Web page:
"Snow. 20's," it said.
The weather will be cold, the reception will be colder -- and LeBron James says he's up to the challenge.
Next up: James' homecoming-of-sorts in Cleveland, the city he scorned in free agency, on Thursday night.
"It's going to be emotional for myself, going back to Cleveland to the fans that I still love to this day," James said. "Lot of great memories, but I've got to try to put that in the back of my mind, understand that we're coming in to get a win, and play hard and try to get a 'W."'
And to think Heat coach Erik Spoelstra was worried that the looming distractions of the ultra-hyped game in Cleveland would take away from Miami's focus on Wednesday.
Not a problem.
"We can start thinking about tomorrow now," Bosh said. "We did a good job just blocking it out and taking care of tonight."
It didn't take long for the focus to finally turn to Cleveland, and the Heat made clear, this will -- no surprise here -- be more than just another game to them.
"This family, his new family, has his back and loves him truly and dearly," Wade said. "And we want nothing but great things for him. So we're going to try to go out there and get another win. We want to win three games in a row and it's a special game for our brother ... and we're all going to play hard for him."
Detroit was taken care of easily. And following "The Decision" this summer in which James picked Miami on national television, now comes "The Return," not just by him, but for former Cavs center Zydrunas Ilgauskas as well.
"Tomorrow will be a very competitive, passionate game," Spoelstra said. "And we want to take care of two of our own."
Play like this in Cleveland, and Miami might be fine.
It was Miami's second-stingiest defensive showing of the season, only bettered by holding Orlando to 70 points on Oct. 29. The Pistons shot just 36 percent, and no Detroit starter reached double figures. Miami won its second straight after a clearing-the-air team meeting in Dallas on Saturday night.
"We're starting to put it together," James said. "After that conversation we had in Dallas, we got a lot of stuff out off our chests and we've been playing good basketball since then."
Juwan Howard scored 12 and Eddie House added 10 for Miami. Greg Monroe led Detroit with 15 points and Charlie Villanueva added 10.
"We just played with no life," Villanueva said. "It just wasn't there."
It was one of Miami's best starts of the season. The Heat made 11 of their first 14 shots, James starting 5 for 6 on his own, and never trailed.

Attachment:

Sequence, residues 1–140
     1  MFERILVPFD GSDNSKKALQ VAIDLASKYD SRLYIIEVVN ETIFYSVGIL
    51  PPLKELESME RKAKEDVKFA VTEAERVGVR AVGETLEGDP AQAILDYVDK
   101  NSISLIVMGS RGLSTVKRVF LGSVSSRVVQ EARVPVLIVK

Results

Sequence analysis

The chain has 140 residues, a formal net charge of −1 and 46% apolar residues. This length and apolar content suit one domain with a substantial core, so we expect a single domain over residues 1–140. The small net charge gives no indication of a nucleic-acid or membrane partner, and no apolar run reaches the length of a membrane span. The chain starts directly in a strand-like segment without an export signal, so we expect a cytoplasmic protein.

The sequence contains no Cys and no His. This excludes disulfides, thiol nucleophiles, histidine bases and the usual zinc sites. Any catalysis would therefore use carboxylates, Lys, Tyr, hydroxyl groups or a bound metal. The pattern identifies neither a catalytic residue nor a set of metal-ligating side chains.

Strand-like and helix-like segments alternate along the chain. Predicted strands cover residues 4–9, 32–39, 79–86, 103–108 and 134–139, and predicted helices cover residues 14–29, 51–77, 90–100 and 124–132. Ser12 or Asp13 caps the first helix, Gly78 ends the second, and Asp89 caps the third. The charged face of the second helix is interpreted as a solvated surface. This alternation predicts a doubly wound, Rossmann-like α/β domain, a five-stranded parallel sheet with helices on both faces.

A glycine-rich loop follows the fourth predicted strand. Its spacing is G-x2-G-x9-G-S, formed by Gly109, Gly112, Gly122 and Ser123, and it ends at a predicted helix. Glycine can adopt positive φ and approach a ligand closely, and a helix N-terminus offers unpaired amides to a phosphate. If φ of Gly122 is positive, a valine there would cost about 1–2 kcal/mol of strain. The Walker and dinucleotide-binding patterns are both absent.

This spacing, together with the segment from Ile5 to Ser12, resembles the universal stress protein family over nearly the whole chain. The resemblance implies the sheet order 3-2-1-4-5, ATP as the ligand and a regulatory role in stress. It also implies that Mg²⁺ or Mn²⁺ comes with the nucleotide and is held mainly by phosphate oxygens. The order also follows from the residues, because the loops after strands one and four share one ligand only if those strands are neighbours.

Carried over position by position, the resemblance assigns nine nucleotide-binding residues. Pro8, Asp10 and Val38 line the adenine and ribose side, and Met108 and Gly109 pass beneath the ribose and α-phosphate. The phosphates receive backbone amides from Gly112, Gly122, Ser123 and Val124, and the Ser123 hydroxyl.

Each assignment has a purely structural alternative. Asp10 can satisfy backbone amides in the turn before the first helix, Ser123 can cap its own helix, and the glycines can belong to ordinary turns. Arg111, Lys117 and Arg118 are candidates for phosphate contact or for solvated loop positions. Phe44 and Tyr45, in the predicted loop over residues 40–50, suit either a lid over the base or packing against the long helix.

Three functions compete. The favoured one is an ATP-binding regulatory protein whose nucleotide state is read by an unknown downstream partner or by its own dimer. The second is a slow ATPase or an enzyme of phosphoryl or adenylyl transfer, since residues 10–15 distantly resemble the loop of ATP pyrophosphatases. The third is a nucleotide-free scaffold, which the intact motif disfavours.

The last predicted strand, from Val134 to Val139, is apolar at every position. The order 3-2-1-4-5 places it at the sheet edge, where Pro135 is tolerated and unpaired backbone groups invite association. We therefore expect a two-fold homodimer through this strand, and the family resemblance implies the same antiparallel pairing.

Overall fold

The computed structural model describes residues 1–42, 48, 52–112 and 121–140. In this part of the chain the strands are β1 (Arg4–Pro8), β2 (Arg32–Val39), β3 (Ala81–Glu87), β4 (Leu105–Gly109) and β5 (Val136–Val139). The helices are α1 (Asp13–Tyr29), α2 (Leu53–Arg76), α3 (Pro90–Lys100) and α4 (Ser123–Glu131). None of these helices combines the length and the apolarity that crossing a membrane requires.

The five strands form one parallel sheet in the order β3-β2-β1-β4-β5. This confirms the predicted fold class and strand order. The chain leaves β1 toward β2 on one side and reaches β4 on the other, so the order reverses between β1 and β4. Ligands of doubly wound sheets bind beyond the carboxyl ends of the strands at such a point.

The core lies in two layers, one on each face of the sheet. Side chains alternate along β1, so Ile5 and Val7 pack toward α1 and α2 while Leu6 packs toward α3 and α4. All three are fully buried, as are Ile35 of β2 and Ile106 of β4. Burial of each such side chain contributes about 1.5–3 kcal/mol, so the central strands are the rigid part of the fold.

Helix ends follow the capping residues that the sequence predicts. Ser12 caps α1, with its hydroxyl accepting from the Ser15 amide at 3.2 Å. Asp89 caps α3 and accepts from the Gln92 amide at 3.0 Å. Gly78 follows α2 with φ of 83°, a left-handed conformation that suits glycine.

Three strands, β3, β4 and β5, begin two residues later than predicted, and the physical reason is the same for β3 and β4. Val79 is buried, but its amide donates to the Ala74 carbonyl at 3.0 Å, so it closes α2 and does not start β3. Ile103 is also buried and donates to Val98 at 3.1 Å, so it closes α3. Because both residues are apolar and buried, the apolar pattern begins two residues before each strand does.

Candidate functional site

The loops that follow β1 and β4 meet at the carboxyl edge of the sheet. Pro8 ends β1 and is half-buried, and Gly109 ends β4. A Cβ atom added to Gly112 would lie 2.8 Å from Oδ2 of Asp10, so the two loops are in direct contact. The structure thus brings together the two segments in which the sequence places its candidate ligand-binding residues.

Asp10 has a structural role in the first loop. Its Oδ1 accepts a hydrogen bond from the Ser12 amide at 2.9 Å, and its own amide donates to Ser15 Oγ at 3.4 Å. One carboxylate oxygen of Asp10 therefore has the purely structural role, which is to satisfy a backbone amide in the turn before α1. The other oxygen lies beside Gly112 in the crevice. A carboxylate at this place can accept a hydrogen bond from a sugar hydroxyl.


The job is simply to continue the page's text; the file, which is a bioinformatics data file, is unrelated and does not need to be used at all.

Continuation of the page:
Mario Chalmers -- now fully recovered from an offseason high ankle sprain that lingered for months -- had four assists in the first 41/2 minutes of the second quarter, three of them in a 1-minute span, and nodded or pointed knowingly to the scorer who was set up by his pass every time.
But the theme throughout the evening for Miami was clearly defense.
Detroit scored only nine points -- matching a season low -- in the third quarter, shooting 4 of 22. Wade only played 31/2 minutes in the third and nearly outscored the Pistons himself, getting seven points in that short stint.
The Pistons' previous season low for scoring was 78; they didn't come close to that against a Miami team that came in allowing 94.4 points per game.
"There are going to be some adjustments going into the next game. ... There are going to be discussions on a number of areas," said Pistons coach John Kuester, whose team failed to crack the 80-point mark on its two-night swing through Orlando and Miami.
Detroit got 31 points from its starters, the eighth-lowest total by a Piston starting five in the last 20 seasons. The last time Detroit's first-stringers scored fewer than 31 in a game was against Cleveland on April 16, 2008, when they combined for only 13 -- in a game where they only played one quarter.
They were out there far longer Wednesday.
Didn't matter. Miami got to rest its starters for much of the fourth quarter, a slight respite before the challenge of Cleveland.
"We will be tested tomorrow," Spoelstra said. "Physically, emotionally, all the above."
The Heat led 54-42 at the break, and that was after just a one-point half from Wade, who played only 9 minutes before intermission because of foul trouble.
His third was an offensive foul drawn by the Pistons' Tracy McGrady -- who may have been a bit of a target by Wade and James.
McGrady was quoted earlier this week saying Wade and James are "two guys that don't mix" and that "they just don't complement each other."
Wade heard about the quotes and said he wasn't bothered; James wasn't aware of McGrady's criticisms until Wade commented about them on Monday night.
So maybe it was a coincidence that, on the first play of the second quarter -- McGrady's first appearance of the night -- James drove right at him, drawing a foul call only 4 seconds into the period. And when Wade had the chance with 9 minutes left in the half, he went full steam ahead at McGrady as well, getting called for the offensive foul.
Wade wound up scoring 15 in the second half, and he and James got to share a couple laughs on the bench as the final minutes ticked away.
Now, on to Cleveland -- and a scene perhaps unlike any other in James' career. And Bosh said there's one easy way for the Heat to help James through what awaits.
"Give him the ball," Bosh said, smiling.
That'll be fine with the two-time MVP.
"I know that floor and I know my spots on that floor. I know exactly where I need to get to, where I feel comfortable on that floor," James said. "Very comfortable with that court."
At least something will be comfortable for him on Thursday.